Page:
I think a very interesting contribution to this discussion is an interview of Sargent by Evans and Honkapohja.
"my recollection is that Bob Lucas and Ed Prescott were initially very enthusiastic about rational expectations econometrics. After all, it simply involved imposing on ourselves the same high standards we had criticized the Keynesians for failing to live up to. But after about five years of doing likelihood ratio tests of rational expectations models, I recall both Bob Lucas and Ed Prescott telling me that those tests were rejecting too many good models. The idea of calibration is to ignore some of the probabilistic implications of your model, but to retain others. Somehow, calibration was intended as a balanced to professing that your model, though not correct, is still worthy as a vehicle for quantitative policy analysis."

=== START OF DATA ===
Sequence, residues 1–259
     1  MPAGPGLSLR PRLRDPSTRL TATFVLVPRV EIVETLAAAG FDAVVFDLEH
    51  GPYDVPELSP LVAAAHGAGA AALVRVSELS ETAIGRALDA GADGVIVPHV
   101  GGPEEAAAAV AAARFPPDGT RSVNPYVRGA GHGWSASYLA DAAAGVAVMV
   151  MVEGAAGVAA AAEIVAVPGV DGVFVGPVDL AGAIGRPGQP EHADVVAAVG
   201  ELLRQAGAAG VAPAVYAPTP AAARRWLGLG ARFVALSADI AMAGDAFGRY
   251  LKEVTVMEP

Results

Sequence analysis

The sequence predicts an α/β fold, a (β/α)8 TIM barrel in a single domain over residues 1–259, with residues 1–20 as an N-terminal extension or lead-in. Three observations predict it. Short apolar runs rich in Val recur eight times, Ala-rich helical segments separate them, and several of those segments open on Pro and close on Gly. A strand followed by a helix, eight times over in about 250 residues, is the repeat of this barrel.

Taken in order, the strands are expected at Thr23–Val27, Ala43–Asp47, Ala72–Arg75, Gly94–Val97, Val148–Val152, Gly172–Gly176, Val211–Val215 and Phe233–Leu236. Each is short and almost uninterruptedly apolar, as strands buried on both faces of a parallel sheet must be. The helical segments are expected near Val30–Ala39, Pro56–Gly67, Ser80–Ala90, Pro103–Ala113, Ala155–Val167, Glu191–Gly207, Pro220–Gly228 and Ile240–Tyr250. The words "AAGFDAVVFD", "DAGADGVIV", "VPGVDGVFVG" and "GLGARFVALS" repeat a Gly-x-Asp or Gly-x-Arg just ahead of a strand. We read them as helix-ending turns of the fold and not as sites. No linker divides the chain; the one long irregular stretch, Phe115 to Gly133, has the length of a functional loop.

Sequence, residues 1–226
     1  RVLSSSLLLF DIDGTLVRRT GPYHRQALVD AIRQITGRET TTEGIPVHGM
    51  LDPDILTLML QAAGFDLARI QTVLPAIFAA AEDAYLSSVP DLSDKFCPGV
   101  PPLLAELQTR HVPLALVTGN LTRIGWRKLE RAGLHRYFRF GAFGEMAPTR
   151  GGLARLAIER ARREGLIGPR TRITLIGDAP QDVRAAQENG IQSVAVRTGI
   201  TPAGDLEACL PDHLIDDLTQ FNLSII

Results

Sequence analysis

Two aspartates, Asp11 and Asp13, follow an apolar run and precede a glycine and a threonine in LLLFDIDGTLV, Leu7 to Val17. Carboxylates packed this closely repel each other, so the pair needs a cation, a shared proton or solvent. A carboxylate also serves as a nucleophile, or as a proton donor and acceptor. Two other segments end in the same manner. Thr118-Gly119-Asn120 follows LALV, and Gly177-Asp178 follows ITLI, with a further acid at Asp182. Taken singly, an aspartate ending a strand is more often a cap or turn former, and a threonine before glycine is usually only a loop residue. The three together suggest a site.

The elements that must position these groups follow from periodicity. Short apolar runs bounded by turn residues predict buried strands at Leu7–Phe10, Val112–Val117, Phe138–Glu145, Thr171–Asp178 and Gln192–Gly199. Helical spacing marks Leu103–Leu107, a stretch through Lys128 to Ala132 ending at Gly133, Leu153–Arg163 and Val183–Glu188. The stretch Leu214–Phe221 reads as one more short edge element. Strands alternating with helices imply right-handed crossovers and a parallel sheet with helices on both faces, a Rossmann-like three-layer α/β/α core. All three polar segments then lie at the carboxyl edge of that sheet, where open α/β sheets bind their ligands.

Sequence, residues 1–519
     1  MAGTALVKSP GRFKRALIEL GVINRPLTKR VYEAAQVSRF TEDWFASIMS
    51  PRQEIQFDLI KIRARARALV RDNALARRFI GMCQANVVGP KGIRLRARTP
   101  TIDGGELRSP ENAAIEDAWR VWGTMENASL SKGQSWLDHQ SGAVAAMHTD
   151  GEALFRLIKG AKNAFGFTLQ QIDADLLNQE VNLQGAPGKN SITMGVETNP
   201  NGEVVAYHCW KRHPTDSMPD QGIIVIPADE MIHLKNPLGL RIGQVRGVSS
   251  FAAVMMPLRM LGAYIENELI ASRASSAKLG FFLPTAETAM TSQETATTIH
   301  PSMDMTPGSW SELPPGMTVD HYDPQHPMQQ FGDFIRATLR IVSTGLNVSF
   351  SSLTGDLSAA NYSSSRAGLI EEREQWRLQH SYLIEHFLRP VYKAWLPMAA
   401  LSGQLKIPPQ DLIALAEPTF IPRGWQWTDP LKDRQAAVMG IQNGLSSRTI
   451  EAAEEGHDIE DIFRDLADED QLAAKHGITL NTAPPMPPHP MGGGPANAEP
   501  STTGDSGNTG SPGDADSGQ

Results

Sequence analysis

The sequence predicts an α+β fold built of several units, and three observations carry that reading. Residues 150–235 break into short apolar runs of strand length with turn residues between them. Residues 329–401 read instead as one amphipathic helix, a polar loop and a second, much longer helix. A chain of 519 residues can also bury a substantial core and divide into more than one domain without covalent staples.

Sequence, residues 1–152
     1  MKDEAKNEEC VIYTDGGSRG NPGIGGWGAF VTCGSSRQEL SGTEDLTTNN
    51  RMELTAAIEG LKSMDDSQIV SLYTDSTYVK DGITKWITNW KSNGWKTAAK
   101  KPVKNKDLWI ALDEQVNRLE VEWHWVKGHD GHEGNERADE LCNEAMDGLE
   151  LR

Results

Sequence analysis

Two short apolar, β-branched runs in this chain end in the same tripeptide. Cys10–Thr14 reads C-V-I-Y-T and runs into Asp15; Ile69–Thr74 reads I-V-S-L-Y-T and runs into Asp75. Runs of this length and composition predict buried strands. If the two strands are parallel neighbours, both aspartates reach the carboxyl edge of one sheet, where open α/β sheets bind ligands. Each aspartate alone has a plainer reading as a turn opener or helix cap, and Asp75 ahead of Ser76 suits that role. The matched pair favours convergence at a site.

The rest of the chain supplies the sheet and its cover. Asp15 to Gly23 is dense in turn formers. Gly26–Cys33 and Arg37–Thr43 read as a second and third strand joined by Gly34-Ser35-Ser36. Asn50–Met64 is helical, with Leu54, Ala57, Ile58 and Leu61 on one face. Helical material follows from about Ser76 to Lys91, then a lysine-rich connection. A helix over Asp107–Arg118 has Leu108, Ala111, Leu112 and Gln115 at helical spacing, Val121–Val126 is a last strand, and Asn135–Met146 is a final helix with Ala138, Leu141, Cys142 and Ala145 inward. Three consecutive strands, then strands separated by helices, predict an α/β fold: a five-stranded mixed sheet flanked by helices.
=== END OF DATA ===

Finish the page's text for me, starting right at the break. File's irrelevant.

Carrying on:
So they took the wrong turn after about five years. I note two things -- Sargent said this soon after being awarded the Nobel memorial prize.
The other is that the Lucas critique is a critique of exactly what Lucas did after "about five years". assuming that a model is useful as a vehicle for quantitative policy analysis by looking only at the fit of the variables policy makers care about. http://bit.ly/1OYDK1R